2020 - The Future Workplace

2020 – The year of change? Whether we like it or not, we have all had to adapt dramatically as these strange circumstances dictate changes to our lifestyle and way of working.

Over the last decade we have been ideally placed to observe a gradual shift towards a more agile way of working, as employees have demanded more from their environments to allow them to collaborate more effectively. The last 2-3 years have shown a gathering of momentum in this area, and January 2020 was looking to show a continuation of this theme - at a time when COVID19 was just another article on the news… Fast forward to April and with most of the Western world in strict lockdown, offices operating on skeleton staff, and with the majority of employees working remotely, we may well wonder what the future holds for the office as we know it. Here is our take:

Social distancing

As we emerge from this crisis we will tentatively and slowly return to our normal lifestyles; but until a vaccine has been established, we are likely to be expected to maintain social distancing.  The impact this has on the workplace is dramatic. If we work with the 2m radius rule, we suddenly find that our old work environments are no longer suitable.  Many offices will need a redesign or rearrangement of their current furniture layouts to maintain the social distancing. They might need more tea points or coffee stations to reduce congregations of staff during those busy lunch hours. Face-to-face meetings will become less significant and tech will be utilised to connect us to our colleagues.



What should employers do to make the workplace safe?

What will we do to prevent this happening again? What measures will be put in place? Every organisation will be looking at ways they can implement changes to reduce the chances of infection amongst their workforce which could result from a resurge or another pandemic. Measures could include thermal CCTV screening to monitor staff and visitors’ temperatures as they enter premises, removing touch points via advanced access control systems, or improving general hygiene by installing sensor-operated tech in high usage areas such as washrooms etc. Finding the best door entry systems for offices is vital, as this area is where the most shared touching of surfaces occurs. Having hand sanitiser available immediately after entry will be essential, and having a new front door system put in place may be required.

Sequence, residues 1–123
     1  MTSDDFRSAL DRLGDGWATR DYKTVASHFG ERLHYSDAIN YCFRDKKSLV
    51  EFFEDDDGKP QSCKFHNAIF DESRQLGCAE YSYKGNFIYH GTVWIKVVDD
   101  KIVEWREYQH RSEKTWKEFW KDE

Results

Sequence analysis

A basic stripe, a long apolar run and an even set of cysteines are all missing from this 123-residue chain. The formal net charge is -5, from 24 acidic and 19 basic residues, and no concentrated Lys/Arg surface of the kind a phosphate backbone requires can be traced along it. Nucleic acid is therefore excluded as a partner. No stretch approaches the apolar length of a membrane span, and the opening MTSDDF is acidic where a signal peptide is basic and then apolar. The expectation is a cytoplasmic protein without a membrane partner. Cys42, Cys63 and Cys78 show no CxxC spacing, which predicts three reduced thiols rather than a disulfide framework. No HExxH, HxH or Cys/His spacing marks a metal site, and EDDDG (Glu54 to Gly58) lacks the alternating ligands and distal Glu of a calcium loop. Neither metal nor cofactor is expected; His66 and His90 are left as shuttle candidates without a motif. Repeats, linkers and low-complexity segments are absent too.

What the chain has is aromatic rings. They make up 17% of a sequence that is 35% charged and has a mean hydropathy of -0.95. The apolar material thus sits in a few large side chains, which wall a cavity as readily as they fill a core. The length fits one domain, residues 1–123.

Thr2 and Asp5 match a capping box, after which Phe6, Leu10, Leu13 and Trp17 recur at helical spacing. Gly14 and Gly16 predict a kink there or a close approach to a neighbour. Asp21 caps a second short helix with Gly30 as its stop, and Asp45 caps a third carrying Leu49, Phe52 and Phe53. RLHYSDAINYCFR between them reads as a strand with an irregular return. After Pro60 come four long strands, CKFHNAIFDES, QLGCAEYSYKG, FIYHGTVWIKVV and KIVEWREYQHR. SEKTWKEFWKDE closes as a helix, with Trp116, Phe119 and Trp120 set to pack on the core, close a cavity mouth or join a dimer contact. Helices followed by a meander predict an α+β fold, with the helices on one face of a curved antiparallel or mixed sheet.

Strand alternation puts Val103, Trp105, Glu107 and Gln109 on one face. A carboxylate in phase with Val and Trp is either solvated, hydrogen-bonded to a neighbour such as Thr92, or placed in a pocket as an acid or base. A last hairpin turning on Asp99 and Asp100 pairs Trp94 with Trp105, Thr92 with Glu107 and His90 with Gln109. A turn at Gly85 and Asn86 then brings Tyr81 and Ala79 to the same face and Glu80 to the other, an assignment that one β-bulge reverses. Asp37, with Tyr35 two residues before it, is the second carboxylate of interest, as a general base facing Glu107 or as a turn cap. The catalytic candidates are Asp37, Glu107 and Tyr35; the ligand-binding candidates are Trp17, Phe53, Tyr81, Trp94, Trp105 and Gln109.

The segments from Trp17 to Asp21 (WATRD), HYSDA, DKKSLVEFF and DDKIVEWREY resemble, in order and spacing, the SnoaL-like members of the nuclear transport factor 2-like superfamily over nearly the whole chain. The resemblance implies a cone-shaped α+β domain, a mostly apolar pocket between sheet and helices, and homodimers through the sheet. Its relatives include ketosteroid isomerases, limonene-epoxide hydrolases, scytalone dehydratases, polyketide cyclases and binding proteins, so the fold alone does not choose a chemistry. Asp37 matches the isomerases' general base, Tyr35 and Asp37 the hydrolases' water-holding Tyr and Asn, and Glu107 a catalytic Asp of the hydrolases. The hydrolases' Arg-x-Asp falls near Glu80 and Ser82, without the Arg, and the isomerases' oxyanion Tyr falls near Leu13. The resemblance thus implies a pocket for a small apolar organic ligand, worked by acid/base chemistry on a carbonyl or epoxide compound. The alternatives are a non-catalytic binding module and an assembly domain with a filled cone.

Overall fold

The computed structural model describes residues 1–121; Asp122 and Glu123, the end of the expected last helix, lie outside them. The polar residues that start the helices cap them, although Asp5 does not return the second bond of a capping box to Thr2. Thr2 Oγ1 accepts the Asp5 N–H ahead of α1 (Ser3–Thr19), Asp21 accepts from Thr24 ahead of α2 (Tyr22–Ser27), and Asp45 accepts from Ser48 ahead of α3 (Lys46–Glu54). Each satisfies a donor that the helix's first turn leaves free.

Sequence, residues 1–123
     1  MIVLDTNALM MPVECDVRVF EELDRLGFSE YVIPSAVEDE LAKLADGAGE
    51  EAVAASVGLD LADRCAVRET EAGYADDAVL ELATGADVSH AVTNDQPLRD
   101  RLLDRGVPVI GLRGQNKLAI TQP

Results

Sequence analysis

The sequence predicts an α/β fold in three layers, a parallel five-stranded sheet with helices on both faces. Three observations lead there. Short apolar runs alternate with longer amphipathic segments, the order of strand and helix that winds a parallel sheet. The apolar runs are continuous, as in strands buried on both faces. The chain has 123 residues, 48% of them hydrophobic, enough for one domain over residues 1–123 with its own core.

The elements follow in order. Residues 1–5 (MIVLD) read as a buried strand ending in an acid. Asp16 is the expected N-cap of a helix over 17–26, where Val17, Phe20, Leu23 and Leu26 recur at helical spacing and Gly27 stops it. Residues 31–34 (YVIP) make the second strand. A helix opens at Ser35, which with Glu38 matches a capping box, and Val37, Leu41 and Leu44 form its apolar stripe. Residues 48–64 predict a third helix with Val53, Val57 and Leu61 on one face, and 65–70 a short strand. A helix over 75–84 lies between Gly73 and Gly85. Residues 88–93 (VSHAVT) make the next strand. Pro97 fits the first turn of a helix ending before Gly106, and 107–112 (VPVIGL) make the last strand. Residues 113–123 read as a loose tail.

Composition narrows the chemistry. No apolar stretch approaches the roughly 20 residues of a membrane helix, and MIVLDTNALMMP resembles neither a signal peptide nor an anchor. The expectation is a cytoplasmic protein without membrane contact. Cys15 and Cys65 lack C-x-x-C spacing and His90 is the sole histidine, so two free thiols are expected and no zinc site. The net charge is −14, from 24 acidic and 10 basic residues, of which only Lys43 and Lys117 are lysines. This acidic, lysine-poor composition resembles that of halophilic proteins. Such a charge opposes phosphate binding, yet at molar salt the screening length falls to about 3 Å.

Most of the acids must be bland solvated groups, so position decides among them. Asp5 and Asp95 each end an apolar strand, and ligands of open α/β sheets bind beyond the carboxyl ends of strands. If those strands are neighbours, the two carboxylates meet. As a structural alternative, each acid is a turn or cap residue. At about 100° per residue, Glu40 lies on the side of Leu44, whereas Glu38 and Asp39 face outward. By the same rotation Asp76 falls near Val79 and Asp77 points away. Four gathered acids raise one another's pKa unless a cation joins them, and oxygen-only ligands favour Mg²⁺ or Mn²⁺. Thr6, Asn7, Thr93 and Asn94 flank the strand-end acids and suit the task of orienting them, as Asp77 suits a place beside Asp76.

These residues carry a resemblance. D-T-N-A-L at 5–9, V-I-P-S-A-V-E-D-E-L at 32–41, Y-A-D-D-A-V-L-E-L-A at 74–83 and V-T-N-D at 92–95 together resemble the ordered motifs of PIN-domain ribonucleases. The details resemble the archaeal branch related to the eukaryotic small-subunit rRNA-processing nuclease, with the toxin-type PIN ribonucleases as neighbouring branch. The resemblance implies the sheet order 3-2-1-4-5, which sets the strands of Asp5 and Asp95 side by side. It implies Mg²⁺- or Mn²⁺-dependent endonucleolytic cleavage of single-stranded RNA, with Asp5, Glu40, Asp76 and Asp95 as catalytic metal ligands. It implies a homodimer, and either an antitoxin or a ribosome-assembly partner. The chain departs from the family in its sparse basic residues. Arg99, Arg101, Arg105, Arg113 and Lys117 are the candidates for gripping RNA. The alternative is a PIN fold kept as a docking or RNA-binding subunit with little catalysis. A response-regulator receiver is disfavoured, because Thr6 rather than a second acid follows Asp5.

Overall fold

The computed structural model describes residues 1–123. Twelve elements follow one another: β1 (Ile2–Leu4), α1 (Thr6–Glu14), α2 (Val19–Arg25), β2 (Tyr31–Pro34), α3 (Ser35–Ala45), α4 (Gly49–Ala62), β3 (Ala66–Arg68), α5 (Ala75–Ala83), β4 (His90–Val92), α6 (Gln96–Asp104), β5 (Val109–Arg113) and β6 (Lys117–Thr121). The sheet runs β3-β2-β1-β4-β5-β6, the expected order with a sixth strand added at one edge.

Many companies would never have considered the vast majority of the workforce working remotely pre-lockdown.  However, now we have had to, realisation is increasingly dawning that such an arrangement can actually operate successfully.  With all the tech we currently have at our disposal, we can remain connected and in touch without feeling totally isolated.

Post-lockdown, we think a lot of companies will have a hard look at the number of staff they actually need in the office at any one time.  Cost cutting will be top of the list for those affected most by this crisis, and office consolidation could be a key cost saving.  In the long run, the cost of providing technology to employees to enable them to work from home can easily be recovered through reduced lease costs and rates.



Social hubs

Offices will no longer be places to go to work only. We have all proved in the last few weeks that we can work from home successfully.  However, as mental health experts in the UK have warned, we need the social interaction to preserve our sanity. And how are companies going to influence their culture when staff are remote working? That is why we think that in the medium- to long-term offices will become social hubs, places where staff come to collaborate and interact, places where we can escape the monotony and isolation of remote working for 2-3 days a week.  In the shorter term, if businesses need to maintain social distancing, the simplest way could be to increase hot desking with staff only having 2-3 days in the office per week - therefore limiting the total density in the office at any one time and allowing staff to spread out to maintain that crucial 2m.


In conclusion, this spells another evolution of the office environment.  The last one was gradual and was a proactive movement in reflection of the working styles of a new generation; whereas this one is a dramatic shift in focus, dictated by our circumstances over a matter of weeks!  The office will not cease to exist; it will just take on a new meaning, a new purpose.  It will become the place for your company to express its culture. Gone will be the traditional office as we know it, with intense rows of desks. The office of tomorrow will be more interactive, more social, and more inclusive.  It will be designed to enhance collaboration and attract people together in a way that cannot be replicated over Zoom or Teams.  It will lose its 'office feel' as more people are used to working in a home environment and the new office seeks to better replicate this. I think it will mean embracing the outside, creating a more natural environment - where ideas can flow and staff can be brought together.  Roll on the office of tomorrow!!

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